25 Pages Posted: 1 Dec 2009 Last revised: 3 Apr 2014
Date Written: December 1, 2009
There are three distinct groups who might want to engage in speech about commercial entities or to constrain those commercial entities from making particular claims of their own. Competitors may sue each other for false advertising, consumers may sue businesses, and government regulators may impose requirements on what businesses must and may not say. In this context, this Article will evaluate a facially persuasive but ultimately misguided claim about corporate speech: that because consumers regularly get to say nasty things about corporations under the lax standards governing defamation of public figures, corporations must be free to make factual claims subject only to defamation-type restrictions on intentionally false statements. The premise that this would further equality ignores the overall structure of advertising law, in which consumers cannot be equated to advertisers, competitors are already on equal footing with one another, and the government as regulator is not supposed to be on equal footing with anyone.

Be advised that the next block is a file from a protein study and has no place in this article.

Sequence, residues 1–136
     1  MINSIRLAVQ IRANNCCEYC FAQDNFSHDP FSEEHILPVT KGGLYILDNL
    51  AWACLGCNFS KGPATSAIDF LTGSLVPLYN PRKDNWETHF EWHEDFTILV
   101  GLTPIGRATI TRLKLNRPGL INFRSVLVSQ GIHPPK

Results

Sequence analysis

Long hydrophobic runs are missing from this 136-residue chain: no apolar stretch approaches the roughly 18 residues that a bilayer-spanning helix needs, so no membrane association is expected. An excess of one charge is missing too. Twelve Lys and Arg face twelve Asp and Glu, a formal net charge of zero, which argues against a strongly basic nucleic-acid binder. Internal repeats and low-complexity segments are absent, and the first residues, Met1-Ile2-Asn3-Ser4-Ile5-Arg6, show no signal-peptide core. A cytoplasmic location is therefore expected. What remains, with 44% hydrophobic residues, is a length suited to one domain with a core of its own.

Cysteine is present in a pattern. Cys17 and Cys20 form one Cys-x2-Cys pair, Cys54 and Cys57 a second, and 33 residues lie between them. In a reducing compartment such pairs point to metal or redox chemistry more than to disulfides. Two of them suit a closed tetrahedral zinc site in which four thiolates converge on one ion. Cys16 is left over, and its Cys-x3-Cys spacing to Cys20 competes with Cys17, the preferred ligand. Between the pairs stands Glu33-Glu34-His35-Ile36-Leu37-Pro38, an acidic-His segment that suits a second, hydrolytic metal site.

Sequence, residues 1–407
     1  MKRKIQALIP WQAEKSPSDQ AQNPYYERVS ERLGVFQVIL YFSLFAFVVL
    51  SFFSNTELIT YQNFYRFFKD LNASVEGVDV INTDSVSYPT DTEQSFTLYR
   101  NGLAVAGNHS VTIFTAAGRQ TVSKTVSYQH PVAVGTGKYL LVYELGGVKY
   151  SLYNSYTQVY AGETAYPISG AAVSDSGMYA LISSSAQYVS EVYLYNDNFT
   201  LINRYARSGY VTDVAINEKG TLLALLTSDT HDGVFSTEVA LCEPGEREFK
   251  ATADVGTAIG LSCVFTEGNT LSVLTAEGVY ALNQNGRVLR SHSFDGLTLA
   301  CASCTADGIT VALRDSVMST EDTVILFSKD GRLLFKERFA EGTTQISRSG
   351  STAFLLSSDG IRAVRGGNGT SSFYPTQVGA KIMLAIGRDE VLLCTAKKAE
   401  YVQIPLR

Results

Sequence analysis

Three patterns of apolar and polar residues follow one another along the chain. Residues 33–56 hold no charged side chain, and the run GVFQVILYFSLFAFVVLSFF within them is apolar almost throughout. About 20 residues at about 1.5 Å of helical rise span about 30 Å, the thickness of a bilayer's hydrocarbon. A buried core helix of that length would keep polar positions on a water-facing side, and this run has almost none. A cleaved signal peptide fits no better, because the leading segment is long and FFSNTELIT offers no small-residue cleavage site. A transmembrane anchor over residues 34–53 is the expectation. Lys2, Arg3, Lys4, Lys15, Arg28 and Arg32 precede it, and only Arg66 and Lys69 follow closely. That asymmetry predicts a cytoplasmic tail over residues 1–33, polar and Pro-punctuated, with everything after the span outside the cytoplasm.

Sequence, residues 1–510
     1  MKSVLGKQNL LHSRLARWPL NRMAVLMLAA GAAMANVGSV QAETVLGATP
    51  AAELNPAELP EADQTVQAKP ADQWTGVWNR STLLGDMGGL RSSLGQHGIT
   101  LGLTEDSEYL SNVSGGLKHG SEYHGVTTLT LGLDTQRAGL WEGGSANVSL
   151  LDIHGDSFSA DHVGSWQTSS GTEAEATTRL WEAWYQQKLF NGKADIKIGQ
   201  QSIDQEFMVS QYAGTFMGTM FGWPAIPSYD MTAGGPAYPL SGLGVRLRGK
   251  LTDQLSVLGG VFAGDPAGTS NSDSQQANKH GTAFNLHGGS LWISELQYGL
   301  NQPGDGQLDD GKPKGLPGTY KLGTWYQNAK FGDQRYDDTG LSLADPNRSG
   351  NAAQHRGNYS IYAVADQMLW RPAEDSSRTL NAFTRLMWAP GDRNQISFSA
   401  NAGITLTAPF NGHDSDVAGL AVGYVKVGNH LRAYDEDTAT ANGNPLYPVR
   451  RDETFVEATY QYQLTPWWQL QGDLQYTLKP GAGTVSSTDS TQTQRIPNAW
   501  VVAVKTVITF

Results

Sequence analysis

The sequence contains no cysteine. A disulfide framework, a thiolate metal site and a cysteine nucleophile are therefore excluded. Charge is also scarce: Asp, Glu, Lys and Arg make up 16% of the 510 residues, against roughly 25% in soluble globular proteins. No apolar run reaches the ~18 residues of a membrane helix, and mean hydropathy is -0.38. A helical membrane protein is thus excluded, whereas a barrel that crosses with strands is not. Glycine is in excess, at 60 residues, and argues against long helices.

Keywords: first amendment, commercial speech, Nike v. Kasky
JEL Classification: M37, K22, D12, D18
Suggested Citation: Suggested Citation
Tushnet, Rebecca, Fighting Freestyle: The First Amendment, Fairness and Corporate Reputation (December 1, 2009). Boston College Law Review, Vol. 50, No. 1, p. 1457, 2009; Georgetown Public Law Research Paper No. 1516389. Available at SSRN: https://ssrn.com/abstract=1516389